1 At that time Michael, the great prince who protects your people, will arise. There will be a time of distress such as has not happened from the beginning of nations until then. But at that time your people everyone whose name is found written in the book will be delivered. 2 Multitudes who sleep in the dust of the earth will awake: some to everlasting life, others to shame and everlasting contempt. 3 Those who are wise will shine like the brightness of the heavens, and those who lead many to righteousness, like the stars for ever and ever. 4 But you, Daniel, roll up and seal the words of the scroll until the time of the end. Many will go here and there to increase knowledge.
5 Then I, Daniel, looked, and there before me stood two others, one on this bank of the river and one on the opposite bank. 6 One of them said to the man clothed in linen, who was above the waters of the river, How long will it be before these astonishing things are fulfilled?
7 The man clothed in linen, who was above the waters of the river, lifted his right hand and his left hand toward heaven, and I heard him swear by him who lives forever, saying, It will be for a time, times and half a time. When the power of the holy people has been finally broken, all these things will be completed.
8 I heard, but I did not understand. So I asked, My lord, what will the outcome of all this be?
9 He replied, Go your way, Daniel, because the words are rolled up and sealed until the time of the end. 10 Many will be purified, made spotless and refined, but the wicked will continue to be wicked. None of the wicked will understand, but those who are wise will understand.
11 From the time that the daily sacrifice is abolished and the abomination that causes desolation is set up, there will be 1,290 days. 12 Blessed is the one who waits for and reaches the end of the 1,335 days.
13 As for you, go your way till the end. You will rest, and then at the end of the days you will rise to receive your allotted inheritance.
Recall that Daniel was an old man by the time he received this vision. He had faithfully served God, and, as we saw in his prayer in Daniel 9, he was deeply concerned about the fate of his people. In that prayer he hadn’t made excuses for their disobedience, but instead asked for mercy. He knew the Scriptures, and so he understood the promises God had made to Abraham, Moses and David. Daniel was standing firm because he trusted in the character of Yahweh. Because Yahweh keeps his Word, deliverance will eventually come for those who truly worship God.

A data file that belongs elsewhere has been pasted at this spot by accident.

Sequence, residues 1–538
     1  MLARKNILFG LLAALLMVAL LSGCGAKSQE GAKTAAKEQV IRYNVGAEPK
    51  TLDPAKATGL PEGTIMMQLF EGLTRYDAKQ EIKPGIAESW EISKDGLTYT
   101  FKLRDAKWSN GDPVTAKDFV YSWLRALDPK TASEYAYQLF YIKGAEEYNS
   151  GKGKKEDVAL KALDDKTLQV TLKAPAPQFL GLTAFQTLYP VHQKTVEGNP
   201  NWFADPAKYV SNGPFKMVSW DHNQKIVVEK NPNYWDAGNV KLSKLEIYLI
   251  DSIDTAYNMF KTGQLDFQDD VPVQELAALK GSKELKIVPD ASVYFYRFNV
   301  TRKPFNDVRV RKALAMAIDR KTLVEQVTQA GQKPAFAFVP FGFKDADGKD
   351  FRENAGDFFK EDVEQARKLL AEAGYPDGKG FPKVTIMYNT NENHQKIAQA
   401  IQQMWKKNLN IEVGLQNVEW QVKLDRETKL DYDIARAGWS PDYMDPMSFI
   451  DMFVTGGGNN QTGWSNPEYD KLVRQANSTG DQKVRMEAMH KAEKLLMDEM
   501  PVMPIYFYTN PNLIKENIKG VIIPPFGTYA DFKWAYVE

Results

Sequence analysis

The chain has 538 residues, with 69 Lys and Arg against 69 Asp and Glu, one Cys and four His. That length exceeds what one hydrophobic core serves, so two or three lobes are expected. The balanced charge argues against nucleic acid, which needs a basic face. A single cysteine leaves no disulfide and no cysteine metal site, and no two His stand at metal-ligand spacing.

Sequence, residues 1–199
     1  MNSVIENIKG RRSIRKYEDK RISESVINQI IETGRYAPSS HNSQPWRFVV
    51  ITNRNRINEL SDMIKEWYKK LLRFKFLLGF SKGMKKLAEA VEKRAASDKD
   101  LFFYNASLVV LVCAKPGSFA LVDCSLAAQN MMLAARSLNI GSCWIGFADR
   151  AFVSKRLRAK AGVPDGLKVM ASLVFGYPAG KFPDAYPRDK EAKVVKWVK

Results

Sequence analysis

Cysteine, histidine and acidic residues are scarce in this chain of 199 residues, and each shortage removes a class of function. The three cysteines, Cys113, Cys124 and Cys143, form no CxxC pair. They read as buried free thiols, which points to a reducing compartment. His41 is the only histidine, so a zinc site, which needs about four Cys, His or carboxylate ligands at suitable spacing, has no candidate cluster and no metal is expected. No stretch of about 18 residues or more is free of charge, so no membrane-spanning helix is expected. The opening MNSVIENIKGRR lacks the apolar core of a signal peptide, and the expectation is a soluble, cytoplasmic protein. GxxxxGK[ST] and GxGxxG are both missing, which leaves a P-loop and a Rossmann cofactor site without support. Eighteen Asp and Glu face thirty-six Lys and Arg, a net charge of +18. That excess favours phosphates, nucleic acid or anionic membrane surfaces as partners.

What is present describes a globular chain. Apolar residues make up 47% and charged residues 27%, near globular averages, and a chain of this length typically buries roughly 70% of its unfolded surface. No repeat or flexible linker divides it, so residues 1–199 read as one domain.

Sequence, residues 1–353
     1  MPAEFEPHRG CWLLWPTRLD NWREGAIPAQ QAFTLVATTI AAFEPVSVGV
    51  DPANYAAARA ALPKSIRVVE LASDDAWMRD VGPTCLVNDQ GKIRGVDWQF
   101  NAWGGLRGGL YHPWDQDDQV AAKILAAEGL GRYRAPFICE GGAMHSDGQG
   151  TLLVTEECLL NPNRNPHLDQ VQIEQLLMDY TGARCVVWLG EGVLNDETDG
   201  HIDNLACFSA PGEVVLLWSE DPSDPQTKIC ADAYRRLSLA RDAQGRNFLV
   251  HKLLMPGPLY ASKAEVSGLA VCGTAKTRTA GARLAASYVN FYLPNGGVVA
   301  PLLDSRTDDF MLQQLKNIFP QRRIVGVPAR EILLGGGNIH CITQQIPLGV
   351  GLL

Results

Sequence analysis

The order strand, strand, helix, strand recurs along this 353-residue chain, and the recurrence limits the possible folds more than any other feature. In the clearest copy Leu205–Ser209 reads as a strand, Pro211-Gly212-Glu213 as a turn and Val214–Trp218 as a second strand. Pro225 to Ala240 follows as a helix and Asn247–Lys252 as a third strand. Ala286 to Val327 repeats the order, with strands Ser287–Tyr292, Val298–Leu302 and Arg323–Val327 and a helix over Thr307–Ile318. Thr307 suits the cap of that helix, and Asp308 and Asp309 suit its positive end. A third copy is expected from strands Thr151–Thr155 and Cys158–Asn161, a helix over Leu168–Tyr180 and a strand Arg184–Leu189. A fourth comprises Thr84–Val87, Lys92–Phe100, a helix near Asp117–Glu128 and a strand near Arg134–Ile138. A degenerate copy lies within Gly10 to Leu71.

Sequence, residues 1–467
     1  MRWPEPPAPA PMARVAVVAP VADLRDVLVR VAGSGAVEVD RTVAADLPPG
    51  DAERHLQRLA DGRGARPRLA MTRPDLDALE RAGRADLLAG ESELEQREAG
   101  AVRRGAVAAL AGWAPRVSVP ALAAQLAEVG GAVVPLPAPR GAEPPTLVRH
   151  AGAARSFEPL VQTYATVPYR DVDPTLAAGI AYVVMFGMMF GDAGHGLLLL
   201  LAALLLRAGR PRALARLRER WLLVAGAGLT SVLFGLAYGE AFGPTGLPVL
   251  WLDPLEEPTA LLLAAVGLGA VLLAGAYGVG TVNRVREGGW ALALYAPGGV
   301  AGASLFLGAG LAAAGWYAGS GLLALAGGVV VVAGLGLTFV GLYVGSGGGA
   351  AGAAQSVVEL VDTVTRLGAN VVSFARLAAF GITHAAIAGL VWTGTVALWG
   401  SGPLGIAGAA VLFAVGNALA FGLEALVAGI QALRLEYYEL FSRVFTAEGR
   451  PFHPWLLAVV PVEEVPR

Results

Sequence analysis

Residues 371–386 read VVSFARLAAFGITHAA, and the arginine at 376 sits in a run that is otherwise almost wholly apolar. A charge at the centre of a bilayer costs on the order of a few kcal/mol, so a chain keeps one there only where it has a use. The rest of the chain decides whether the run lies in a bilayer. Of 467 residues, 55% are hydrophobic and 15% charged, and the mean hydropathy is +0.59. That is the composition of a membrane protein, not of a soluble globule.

The paragraph break for chapter 12 is unfortunate, because the angels vision of the future continues through Daniel 12:4. Further, verse 1 can be wrongly understood to refer to a point in time such as the moment that the Antichrist reaches his end (verse 45), but that is not correct. Wood translates During that time Michael … will stand up in order to make clear that Michael was fighting all during the tribulation for those under his care, the Jewish people. Miller agrees that the time reference includes verses Dan. 11:36-45. That difference in time will be vital to those involved.
The horrors of this period are called distress (Dan. 12:1), but need and helplessness bring out some other aspects of the final set of seven years that complete the enhanced punishment. When Jesus declared this time to be the greatest suffering in the entire history of Israel (Matt. 24:21), he was undoubtedly thinking of this verse. Only those inscribed in the Yahweh’s book will be delivered. As Paul tells the Romans, A person is a Jew who is one inwardly; and circumcision is circumcision of the heart, by the Spirit, not by the written code (Rom. 2:29). Merely being a Jew will not ensure deliverance!
Verse 2 is an astounding statement by the angelic messenger, who proclaims both the resurrection of the dead and everlasting punishment or reward for those who are raised. Here again we see the frequent biblical metaphor of sleep in relation to those who are physically dead (John 11:11-14). Multitudes will wake to enter everlasting life, the Old Testament counterpart to the eternal life mentioned in such New Testament verses as John 3:16. This verse stands in complete refutation of those whether atheists or adherents of naturalism who say that at death we simply cease to exist.
However, many others will wake to enter everlasting abhorrence, a Hebrew word used only here and in Isaiah 66:24. Miller explains the gravity of this state by saying: Isaiah’s use of the term appears to explain the significance of the expression in Dan. 12:2. So shocking will be the fate of the lost that onlookers must turn their faces away in horror (or disgust). The cost for clinging to rebellion against Yahweh is not only high, it lasts forever!